[Date Prev][Date Next][Thread Prev][Thread Next][Date Index][Thread Index][Subject Index][Author Index]

Sauropod clavicles, interclavicles, gastralia, and sternal ribs

From: Ben Creisler

A new advance online paper:

Emanuel Tschopp & Octávio Mateus (2012)
Clavicles, interclavicles, gastralia, and sternal ribs in sauropod
dinosaurs: new reports from Diplodocidae and their morphological,
functional and evolutionary implications.
Journal of Anatomy (advance online publication)
DOI: 10.1111/joa.12012

Ossified gastralia, clavicles and sternal ribs are known in a variety
of reptilians, including dinosaurs. In sauropods, however, the
identity of these bones is controversial. The peculiar shapes of these
bones complicate their identification, which led to various differing
interpretations in the past. Here we describe different elements from
the chest region of diplodocids, found near Shell, Wyoming, USA. Five
morphotypes are easily distinguishable: (A) elongated, relatively
stout, curved elements with a spatulate and a bifurcate end resemble
much the previously reported sauropod clavicles, but might actually
represent interclavicles; (B) short, L-shaped elements, mostly
preserved as a symmetrical pair, probably are the real clavicles, as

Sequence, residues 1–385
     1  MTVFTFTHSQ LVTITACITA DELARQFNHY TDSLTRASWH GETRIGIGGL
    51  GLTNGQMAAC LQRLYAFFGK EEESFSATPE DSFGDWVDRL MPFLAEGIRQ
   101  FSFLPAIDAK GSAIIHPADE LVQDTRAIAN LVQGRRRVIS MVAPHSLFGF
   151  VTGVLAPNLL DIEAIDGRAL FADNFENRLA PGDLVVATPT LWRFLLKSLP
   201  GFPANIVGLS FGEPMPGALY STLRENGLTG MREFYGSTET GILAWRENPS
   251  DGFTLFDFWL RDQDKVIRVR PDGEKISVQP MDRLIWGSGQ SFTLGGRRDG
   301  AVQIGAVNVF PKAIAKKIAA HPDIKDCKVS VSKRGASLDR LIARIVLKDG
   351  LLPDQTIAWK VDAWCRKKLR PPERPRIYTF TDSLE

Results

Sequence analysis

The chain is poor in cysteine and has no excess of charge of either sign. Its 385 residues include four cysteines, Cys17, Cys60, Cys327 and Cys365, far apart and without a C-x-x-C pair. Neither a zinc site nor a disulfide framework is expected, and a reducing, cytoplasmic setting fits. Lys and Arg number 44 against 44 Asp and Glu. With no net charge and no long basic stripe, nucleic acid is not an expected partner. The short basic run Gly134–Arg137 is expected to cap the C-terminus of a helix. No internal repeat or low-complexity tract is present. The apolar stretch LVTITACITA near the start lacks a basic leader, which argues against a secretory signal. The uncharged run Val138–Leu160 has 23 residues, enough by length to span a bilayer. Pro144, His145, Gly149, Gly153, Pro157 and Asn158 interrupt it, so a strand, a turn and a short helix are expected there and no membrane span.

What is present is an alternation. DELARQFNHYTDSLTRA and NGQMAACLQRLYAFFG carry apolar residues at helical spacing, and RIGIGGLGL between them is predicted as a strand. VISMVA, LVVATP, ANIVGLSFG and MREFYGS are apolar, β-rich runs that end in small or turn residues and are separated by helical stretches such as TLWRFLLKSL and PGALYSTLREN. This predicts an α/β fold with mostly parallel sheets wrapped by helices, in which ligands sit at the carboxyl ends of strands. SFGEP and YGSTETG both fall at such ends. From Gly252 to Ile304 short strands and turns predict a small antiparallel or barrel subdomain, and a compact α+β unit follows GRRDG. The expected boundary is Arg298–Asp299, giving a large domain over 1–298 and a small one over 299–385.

indicated by new findings in diplodocids; (C) slender, rod-like bones
with rugose ends are highly similar to elements identified as sauropod
sternal ribs; (D) curved bones with wide, probably medial ends
constitute the fourth morphotype, herein interpreted as gastralia; and
(E) irregularly shaped elements, often with extended rugosities, are
included into the fifth morphotype, tentatively identified as sternal
ribs and/or intercostal elements. To our knowledge, the bones
previously interpreted as sauropod clavicles were always found as
single bones, which sheds doubt on the validity of their
identification. Various lines of evidence presented herein suggest
they might actually be interclavicles – which are single elements.
This would be the first definitive evidence of interclavicles in
dinosauromorphs. Previously supposed interclavicles in the early
sauropodomorph Massospondylus or the theropods Oviraptor and
Velociraptor were later reinterpreted as clavicles or furculae.
Independent from their identification, the existence of the reported
bones has both phylogenetic and functional significance. Their
presence in non-neosauropod Eusauropoda and Flagellicaudata and
probable absence in rebbachisaurs and Titanosauriformes shows a clear
character polarity. This implicates that the ossification of these
bones can be considered plesiomorphic for Sauropoda. The proposed
presence of interclavicles in sauropods may give further support to a
recent study, which finds a homology of the avian furcula with the
interclavicle to be equally parsimonious to the traditional theory
that furcula were formed by the fusion of the clavicles. Functional
implications are the stabilizing of the chest region, which coincides
with the development of elongated cervical and caudal vertebral
columns or the use of the tail as defensive weapon. The loss of
ossified chest bones coincides with more widely spaced limbs, and the
evolution of a wide-gauge locomotor style.